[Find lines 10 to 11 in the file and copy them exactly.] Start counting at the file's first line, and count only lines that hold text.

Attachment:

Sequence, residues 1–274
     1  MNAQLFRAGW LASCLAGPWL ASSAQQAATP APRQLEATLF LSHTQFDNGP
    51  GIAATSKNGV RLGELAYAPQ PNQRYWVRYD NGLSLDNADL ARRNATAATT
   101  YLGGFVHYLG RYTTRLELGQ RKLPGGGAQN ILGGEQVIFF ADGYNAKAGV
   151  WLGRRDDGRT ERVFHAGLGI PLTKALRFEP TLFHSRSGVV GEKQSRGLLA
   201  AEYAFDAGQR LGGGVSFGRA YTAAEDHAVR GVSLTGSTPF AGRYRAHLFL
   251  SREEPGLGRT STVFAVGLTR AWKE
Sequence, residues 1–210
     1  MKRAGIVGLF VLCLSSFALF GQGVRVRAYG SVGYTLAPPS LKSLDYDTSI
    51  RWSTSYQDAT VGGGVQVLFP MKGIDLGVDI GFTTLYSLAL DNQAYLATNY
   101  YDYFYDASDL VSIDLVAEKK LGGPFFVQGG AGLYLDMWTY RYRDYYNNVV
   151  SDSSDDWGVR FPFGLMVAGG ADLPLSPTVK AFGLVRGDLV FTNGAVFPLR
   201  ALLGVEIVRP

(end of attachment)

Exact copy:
    51  RWSTSYQDAT VGGGVQVLFP MKGIDLGVDI GFTTLYSLAL DNQAYLATNY
   101  YDYFYDASDL VSIDLVAEKK LGGPFFVQGG AGLYLDMWTY RYRDYYNNVV